The second problem is that of retention. As a country, Pakistan is unable to retain, accommodate and value those who hold unconventional degrees in human rights law, women’s studies, international development, political science or agricultural planning (amongst others) because expertise in such areas essentially threatens the status quo that in effect threatens the moulded seats of old power. Those who return with the much-needed expertise are promptly disenchanted by the system, betrayed by the bureaucracy and wary of their futures. Those who graduate with such degrees from Pakistan are cognisant of the absence of merit-based professional growth and choose to pursue careers outside the country. A strong argument can be made that in a country where parliamentarians can hold office with fake degrees why should the potential student bother earning a degree in political science when more profitable industries such as banking or medicine can provide both stability and respect. Though the trend is slowly reversing, even now in renowned Pakistani universities, business schools tend to show higher student enrolment than social sciences departments.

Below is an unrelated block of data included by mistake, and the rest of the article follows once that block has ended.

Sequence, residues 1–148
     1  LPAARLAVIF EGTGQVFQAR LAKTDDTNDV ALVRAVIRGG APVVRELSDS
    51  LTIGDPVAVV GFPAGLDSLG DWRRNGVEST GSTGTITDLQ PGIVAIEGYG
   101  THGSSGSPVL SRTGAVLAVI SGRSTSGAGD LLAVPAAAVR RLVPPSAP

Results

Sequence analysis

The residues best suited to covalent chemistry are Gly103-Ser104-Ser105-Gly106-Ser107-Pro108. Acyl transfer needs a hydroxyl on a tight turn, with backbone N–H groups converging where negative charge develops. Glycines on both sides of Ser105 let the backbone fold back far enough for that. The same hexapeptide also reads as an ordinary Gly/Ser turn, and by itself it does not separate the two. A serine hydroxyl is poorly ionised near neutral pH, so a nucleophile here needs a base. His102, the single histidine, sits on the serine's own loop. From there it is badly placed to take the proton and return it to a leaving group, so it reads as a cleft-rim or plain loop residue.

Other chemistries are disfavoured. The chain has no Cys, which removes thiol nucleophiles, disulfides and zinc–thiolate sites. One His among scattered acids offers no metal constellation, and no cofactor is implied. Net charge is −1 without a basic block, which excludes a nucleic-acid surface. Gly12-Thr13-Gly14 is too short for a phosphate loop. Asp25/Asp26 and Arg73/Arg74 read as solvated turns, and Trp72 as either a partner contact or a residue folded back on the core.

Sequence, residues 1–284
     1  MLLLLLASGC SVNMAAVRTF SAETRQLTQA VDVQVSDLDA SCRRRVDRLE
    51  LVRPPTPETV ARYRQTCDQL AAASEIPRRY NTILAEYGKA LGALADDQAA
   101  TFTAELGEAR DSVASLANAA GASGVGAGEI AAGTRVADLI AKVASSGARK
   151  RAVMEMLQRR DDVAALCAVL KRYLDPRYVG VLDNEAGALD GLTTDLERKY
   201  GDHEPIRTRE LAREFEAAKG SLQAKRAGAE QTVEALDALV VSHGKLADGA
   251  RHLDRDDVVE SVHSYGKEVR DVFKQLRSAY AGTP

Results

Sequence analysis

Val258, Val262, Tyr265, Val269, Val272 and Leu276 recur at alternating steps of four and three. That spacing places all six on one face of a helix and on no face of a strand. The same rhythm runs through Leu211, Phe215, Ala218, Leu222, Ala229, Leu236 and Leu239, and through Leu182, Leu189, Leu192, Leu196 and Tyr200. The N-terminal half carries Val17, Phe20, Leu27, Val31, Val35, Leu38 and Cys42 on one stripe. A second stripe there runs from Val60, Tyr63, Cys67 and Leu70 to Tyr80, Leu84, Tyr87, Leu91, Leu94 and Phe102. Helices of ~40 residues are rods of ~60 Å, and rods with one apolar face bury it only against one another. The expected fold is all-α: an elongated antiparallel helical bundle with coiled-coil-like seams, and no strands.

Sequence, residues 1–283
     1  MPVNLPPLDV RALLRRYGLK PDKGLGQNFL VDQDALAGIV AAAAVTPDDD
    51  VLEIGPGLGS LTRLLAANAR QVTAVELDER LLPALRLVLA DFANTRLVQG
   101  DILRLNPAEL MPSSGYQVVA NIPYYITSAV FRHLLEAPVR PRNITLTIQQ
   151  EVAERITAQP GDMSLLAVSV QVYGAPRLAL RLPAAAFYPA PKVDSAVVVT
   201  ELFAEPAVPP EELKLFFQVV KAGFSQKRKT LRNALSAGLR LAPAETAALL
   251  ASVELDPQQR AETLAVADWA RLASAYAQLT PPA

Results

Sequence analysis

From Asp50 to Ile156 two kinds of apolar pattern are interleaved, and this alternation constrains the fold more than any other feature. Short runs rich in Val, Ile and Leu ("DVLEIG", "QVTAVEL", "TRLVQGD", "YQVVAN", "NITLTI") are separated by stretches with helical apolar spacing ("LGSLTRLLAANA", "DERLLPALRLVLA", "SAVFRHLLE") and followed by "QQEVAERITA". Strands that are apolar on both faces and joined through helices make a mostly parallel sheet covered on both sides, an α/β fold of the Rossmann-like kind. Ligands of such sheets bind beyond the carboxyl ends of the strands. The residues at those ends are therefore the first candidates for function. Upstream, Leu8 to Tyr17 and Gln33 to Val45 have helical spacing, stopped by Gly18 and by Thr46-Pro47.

Few would choose to pursue a career in development and aspire to become the next Parveen Rehman, focus on global health and strive to end the polio crisis, or choose to work in the media with a desire to inject professionalism and responsibility … and manage to succeed.

It is then not the collective failure of aspiring individuals but rather the characterisation of a system that rigidly holds on to the status quo, regardless of how archaic, immoral and harmful it may be. Few with such expertise (that remain lacking in and critical for Pakistan) would choose to build careers in a country that fails to acknowledge the crisis it is currently entangled in and where bureaucratic shortcuts are the norm. Pakistan can no longer afford to ignore its ‘intellectual deficit’ problem, which itself will take years to balance unless it desires a future with more number crunchers and less social scientists.

Published in The Express Tribune, September 18th, 2013.

Like Opinion & Editorial on Facebook, follow @ETOpEd on Twitter to receive all updates on all our daily pieces.

Facebook Conversations

Reader Comments (17)

  • Falcon
    Sep 18, 2013 - 3:48AM

    While I understand the dilemma author is referring to, it seems to me that all nations have to go through this evolutionary process where resource hunters / warriors / modern number crunchers precede artists and social scientists. There are 2 reasons for it: one is that economic context & social safety net needs to exist to sustain survival of these individuals. Secondly, the definition of achievement in society needs to change from material possessions to that of creativity / ideas / knowledge. In a way, societies behave like individuals in Maslov’s hierarchy where survival is the first priority and self actualization the next and basic needs have to be met first before higher level desires are pursued & nourished.